Cleist nodded, continuing: "An altered state is, I suppose, basically when the brain ceases to act as a filter for the outside world and sees and hears itself more readily. You might call it a kind of short-circuit. Other people may disagree, of course, but that's my view."
Trenchfoot was finding it difficult to concentrate; he hadn't expected a lecture and couldn't really see the point of it. And, there was another thing distracting him: why was Cleist stock-piling digi-cassettes? Looking around the room, Trenchfoot reckoned there must have been literally thousands of digi-cassettes stacked up against the walls, on chairs, under chairs, wedged in between filing cabinets and yet more crammed into shelves in a small alcove. What did Cleist need all of them for? He had seen yet more pillars of cassettes along the walls of the corridors outside Cleist's office.
"As I was going to say before, when this field of research was in its infancy, people tried to map altered state experiences using surface electrodes, electro-encephalograms and so on; they tried to relate the subjective experience to data and theory about the kinds and areas of physical activity in the brain. Other researchers trained people to recognise shapes, colours, sounds according to a standard code, so they could report what they saw during their A.S. very precisely - for example, giving the specific frequency of any colour they saw. But, we're doing something rather different here."
As Cleist talked, he seemed to warm to the sound of his own voice and the glimmer of a smile would pass across his thin lips.
“We've developed a rather remarkable recording machine that we can attach to the brain; we call it a psycho-recorder. We hope it will enable us to record onto conventional video the sights and the sounds and even the voices that people experience in an A.S. The video can then be played back on a conventional computer or a bio-brain suspension. I'm sure you can see that this gives us a very objective picture, at least in principle. Of course it's early days as yet. We need to check verbal reports with what we're getting on the psych-video data so that we can steadily improve the sensitivity and accuracy of the A.S. recorder. Does all that seem clear?"
“I think so. You mean that, when I'm going through an altered state, I'll be talking into a voice recorder trying to describe what's happening?"
"Yes, that's it." That explains all the cassettes, Trenchfoot thought. "And at the same time, I'll have an A.S. recorder attached to my head while I'm taking some of the drugs you mentioned?"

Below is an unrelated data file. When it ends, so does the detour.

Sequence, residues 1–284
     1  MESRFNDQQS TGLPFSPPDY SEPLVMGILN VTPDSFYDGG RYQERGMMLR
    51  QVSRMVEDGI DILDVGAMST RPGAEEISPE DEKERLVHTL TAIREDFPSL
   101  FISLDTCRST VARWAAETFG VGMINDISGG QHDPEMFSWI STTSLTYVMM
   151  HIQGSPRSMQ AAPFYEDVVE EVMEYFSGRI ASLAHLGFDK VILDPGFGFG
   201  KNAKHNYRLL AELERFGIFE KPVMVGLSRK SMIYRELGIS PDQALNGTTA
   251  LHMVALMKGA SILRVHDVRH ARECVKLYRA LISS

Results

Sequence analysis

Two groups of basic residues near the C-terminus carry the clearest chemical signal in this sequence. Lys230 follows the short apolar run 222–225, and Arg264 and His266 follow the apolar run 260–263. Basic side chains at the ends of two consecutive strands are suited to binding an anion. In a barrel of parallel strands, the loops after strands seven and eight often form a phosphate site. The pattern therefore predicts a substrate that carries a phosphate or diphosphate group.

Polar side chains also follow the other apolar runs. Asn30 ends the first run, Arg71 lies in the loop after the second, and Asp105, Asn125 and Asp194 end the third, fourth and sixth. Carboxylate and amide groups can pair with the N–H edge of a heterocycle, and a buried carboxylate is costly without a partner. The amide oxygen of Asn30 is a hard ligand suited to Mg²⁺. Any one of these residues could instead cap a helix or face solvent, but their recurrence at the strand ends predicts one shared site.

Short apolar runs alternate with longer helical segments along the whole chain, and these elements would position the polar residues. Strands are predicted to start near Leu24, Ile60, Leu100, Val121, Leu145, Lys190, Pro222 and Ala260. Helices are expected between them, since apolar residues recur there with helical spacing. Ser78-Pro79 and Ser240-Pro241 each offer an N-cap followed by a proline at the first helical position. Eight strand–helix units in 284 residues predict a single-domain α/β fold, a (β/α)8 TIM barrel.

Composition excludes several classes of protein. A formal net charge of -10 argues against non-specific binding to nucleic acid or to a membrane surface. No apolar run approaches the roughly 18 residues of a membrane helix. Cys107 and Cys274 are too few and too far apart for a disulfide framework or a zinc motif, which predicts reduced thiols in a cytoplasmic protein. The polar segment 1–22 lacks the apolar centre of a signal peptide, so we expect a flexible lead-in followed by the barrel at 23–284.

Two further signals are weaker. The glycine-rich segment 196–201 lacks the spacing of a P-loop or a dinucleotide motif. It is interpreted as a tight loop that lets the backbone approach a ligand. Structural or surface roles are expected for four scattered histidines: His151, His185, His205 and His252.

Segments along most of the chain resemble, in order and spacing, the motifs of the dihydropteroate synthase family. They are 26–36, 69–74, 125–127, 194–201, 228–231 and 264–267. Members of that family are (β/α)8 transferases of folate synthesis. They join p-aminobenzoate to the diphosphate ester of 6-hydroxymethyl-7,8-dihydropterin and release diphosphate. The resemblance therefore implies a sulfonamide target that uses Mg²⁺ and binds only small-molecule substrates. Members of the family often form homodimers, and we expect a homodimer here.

“Not immediately, but in due course, yes", Cleist replied.
"But is it safe?"
Cleist smiled confidently.
"I can tell you - with some pride, I might add - that nobody has had a bad trip under our supervision. There are also advantages: you might find Nirvana, discover the key to the unity of all things –though, we prefer it if people don't stray too far into the metaphysical. And if it so happens that you're an I.S.P..." Trenchfoot looked perplexed.
"Sorry. Imagination-Starved Personality - then what you experience here might stoke up your mental fires, give you a more interesting internal life. A lot of people who come here and turn out later to have been I.S.Ps have been helped in this way. Okay so far?"
“Yes, I think so."
"Well, to start things off, I think we'll try and get the measure of you in the Gezang room. But first, I'll have to ask you to drink something of my own creation to help matters along." He made to get up, then paused half-way out of his chair. "One other thing. Sometimes an A.S. can go on for longer than planned. Could you give me an emergency telephone number, so we can ring your family, if needs be, to tell them you'll be late back?"
"I live alone."
“No children. No wife."
"No. I live quite alone."
Cleist eyed him with some ... interest?
"Now for the potion." He went over to a glass cabinet and took out a beaker with a clear green liquid inside. He poured some of the contents into a glass and added some drops from a small bottle; he held the glass under the tap above the basin behind his desk and poured some water into it. After swilling the mixture around in the glass until it transformed into a cloudy solution, he gave it to Trenchfoot.
"Okay, drink that down please. It should taste okay. A bit like bananas."
It must have been a long time since Cleist had drunk the stuff. It tasted like rotten eggs, but Trenchfoot drank the lot.